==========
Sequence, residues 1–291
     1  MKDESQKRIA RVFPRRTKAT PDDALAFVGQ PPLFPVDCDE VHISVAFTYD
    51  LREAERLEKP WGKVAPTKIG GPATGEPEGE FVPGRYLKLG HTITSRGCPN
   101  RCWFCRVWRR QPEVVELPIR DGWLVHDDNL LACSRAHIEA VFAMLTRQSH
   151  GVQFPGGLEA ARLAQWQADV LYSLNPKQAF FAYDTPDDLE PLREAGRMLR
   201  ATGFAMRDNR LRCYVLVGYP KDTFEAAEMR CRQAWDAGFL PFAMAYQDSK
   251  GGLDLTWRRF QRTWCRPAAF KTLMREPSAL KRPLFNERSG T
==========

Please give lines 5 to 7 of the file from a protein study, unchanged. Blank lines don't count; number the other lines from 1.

   151  GVQFPGGLEA ARLAQWQADV LYSLNPKQAF FAYDTPDDLE PLREAGRMLR
   201  ATGFAMRDNR LRCYVLVGYP KDTFEAAEMR CRQAWDAGFL PFAMAYQDSK
   251  GGLDLTWRRF QRTWCRPAAF KTLMREPSAL KRPLFNERSG T